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Vibration Testing


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Table of Contents

Preface xix 1. An Overview of Vibration Testing 1 1.1 Introduction 2 1.2 Preliminary Considerations 6 1.3 General Input-Output Relationships in the Frequency Domain 8 1.4 Overview of Equipment Employed 10 1.5 Summary 12 2. Dynamic Signal Analysis 13 2.1 Introduction 14 2.2 Phasor Representation of Periodic Functions 21 2.3 Periodic Time Histories 26 2.4 Transient Signal Analysis 32 2.5 Correlation Concepts-A Statistical Point of View 38 2.6 Correlation Concepts-Periodic Time Histories 40 2.7 Correlation Concepts-Transient Time Histories 47 2.8 Correlation Concepts-Random Time Histories 50 2.9 Summary 63 2.10 General References on Signal Analysis 65 3. Vibration Concepts 67 3.1 Introduction 68 3.2 The Single DOF Model 68 3.3 Single Degree of Freedom Forced Response 76 3.4 General Input-Output Model For Linear Systems 88 3.5 The Two Degrees of Freedom Vibration Model 101 3.6 The Second-Order Continuous Vibration Model 115 3.7 Fourth-Order Continuous Vibration System-The Beam 130 3.8 Nonlinear Behavior 143 3.9 Summary 156 3.10 References 161 4. Transducer Measurement Considerations 164 4.1 Introduction 164 4.2 Fixed Reference Transducers 166 4.3 Mechanical Model of Seismic Transducers-The Accelerometer 173 4.4 Piezoelectric Sensor Characteristics 180 4.5 Combined Linear and Angular Accelerometers 193 4.6 Transducer Response to Transient Inputs 199 4.7 Accelerometer Cross-Axis Sensitivity 212 4.8 The Force Transducer General Model 222 4.9 Correcting FRF Data for Force Transducer Mass Loading 235 4.10 Calibration 246 4.11 Environmental Factors 263 4.12 Summary 267 5. The Digital Frequency Analyzer 272 5.1 Introduction 272 5.2 Basic Processes of a Digital Frequency Analyzer 274 5.3 Digital Analyzer Operating Principles 289 5.4 Factors in the Application of a Single-Channel Analyzer 296 5.5 The Dual-Channel Analyzer 314 5.6 The Effects of Signal Noise on FRF Measurements 326 5.7 Overlapping Signal Analysis to Reduce Analysis Time 339 5.8 Zoom Analysis 348 5.9 Scan Analysis, Scan Averaging, and More on Spectral Smearing 359 5.10 Summary 368 6. Vibration Excitation Mechanisms 374 6.1 Introduction 375 6.2 Mechanical Vibration Exciters 382 6.3 Electrohydraulic Exciters 394 6.4 The Modeling of an Electro Magnetic Vibration Exciter System 403 6.5 An Exciter System's Bare Table Characteristics 419 6.6 Interaction of An Exciter and a Grounded Single DOF Structure 426 6.7 Interaction of an Exciter and an Ungrounded Structure Under Test 438 6.8 Measuring An Exciter's Actual Characteristics 449 6.9 Summary 460 7. The Application of Basic Concepts to Vibration Testing 465 7.1 Introduction 466 7.2 Sudden Release Or Step Relaxation Method 468 7.3 Forced Response of a Simply Supported Beam Mounted on an Exciter 485 7.4 Impulse Testing 499 7.5 Selecting Proper Windows for Impulse Testing 510 7.6 Vibration Exciter Driving a Free-Free Beam With Point Loads 530 7.7 Windowing Effects on Random Test Results 539 7.8 Low-Frequency Damping Measurements Reveal Subtle Data Processing Problems 551 7.9 A Linear Structure Becomes Nonlinear Due To Its Test Environment 559 7.10 Summary 573 8. General Vibration Testing Model: From the Field to the Laboratory 579 8.1 Introduction 580 8.2 A Two-Point Input-Output Model of Field and Laboratory Simulation Environments 587 8.3 Laboratory Simulation Schemes Based on the Elementary Model 593 8.4 An Example Using a Two DOF Test Item and a Two DOF Vehicle 603 8.5 The General Field Environment Model 622 8.6 The General Laboratory Environment Model 627 8.7 Test Scenarios for Laboratory Simulations 630 8.8 Summary 634 Index 641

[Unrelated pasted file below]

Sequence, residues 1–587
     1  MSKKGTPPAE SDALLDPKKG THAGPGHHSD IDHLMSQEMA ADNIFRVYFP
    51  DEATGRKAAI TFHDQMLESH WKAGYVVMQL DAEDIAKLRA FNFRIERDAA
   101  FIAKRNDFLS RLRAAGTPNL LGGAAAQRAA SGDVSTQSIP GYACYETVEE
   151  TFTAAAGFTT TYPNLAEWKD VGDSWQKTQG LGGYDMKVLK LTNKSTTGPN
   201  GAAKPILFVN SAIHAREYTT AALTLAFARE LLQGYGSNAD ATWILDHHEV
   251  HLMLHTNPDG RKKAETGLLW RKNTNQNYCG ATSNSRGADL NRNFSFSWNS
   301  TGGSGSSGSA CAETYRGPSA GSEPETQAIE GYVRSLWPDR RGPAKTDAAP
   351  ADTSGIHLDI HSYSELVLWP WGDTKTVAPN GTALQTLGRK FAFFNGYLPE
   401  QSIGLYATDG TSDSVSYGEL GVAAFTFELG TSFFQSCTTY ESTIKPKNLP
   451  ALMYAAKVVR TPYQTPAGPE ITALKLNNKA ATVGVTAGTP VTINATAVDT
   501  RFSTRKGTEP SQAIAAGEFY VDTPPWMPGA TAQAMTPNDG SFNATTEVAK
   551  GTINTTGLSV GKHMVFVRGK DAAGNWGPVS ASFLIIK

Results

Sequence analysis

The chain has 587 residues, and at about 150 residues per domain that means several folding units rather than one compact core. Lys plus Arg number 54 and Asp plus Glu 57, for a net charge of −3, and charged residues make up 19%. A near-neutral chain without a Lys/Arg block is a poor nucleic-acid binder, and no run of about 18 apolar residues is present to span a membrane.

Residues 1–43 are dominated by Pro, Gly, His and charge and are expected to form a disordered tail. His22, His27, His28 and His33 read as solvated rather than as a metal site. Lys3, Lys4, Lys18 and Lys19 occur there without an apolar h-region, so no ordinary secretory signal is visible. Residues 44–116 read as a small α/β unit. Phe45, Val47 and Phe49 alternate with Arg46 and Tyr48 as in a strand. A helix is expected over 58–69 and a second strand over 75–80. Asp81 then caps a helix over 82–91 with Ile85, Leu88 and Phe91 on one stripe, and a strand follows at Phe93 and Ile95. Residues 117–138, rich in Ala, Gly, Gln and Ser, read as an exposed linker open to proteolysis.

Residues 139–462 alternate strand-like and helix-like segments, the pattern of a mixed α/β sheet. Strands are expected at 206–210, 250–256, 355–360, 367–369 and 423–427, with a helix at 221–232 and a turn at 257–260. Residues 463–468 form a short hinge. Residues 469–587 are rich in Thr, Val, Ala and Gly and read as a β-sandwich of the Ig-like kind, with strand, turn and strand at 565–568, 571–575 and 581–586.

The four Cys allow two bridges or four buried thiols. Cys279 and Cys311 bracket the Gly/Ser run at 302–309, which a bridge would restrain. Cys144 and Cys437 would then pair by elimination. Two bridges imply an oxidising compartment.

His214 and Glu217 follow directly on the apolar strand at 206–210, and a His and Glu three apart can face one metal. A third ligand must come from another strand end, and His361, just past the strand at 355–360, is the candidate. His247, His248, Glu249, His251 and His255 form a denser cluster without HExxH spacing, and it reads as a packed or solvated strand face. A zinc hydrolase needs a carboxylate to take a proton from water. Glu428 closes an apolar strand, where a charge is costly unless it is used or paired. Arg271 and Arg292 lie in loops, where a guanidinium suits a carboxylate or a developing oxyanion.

About the Author

KENNETH G. McCONNELL, PE, is Professor Emeritus, Aerospace Engineering and Engineering Mechanics, Iowa State University, and has over forty-three years' experience in vibrations and experimental mechanics. He is a Fellow of the Society of Experimental Mechanics, and recipient of SEM's M.M. Frocht Award for "outstanding achievement as an experimental mechanics educator"; SEM's highest award, the William M. Murray Lecturer, for his "outstanding contribution to SEM in the fields of dynamic instrumentation, vibration testing techniques, and fluid structure interaction"; the D.J. DeMichele Award for "promoting the scientific and educational aspects of modal analysis"; and the Brewer Award, "in recognition of his contributions as an outstanding practicing experimental stress analyst." He is the author of Instrumentation for Engineering Measurements, Second Edition (coauthored with James E. Dally and William F Riley and published by Wiley) and other books in the field. PAULO S. VAROTO is professor on Dynamics and Vibrations at the Mechanical Engineering Department, School of Engineering of Sao Carlos, University of Sao Paulo. Professor Varoto earned his BSc and MSc in mechanical engineering from the University of Sao Paulo and holds a PhD in engineering mechanics from the Department of Aerospace Engineering and Engineering Mechanics, Iowa State University, where he worked under the supervision of Ken McConnell.


"?is a good foundational text for engineers concerned with component vibration testing as it might relate to failure analysis, qualification testing, reliability testing, and machinery diagnostics. The book is well written and makes the presented concepts easy to understand. I recommend it both as an introduction to laboratory testing techniques for the relative novice and as a reference for experienced practitioners in the field." (Noise Control Engineering, Jan-Feb 2009)

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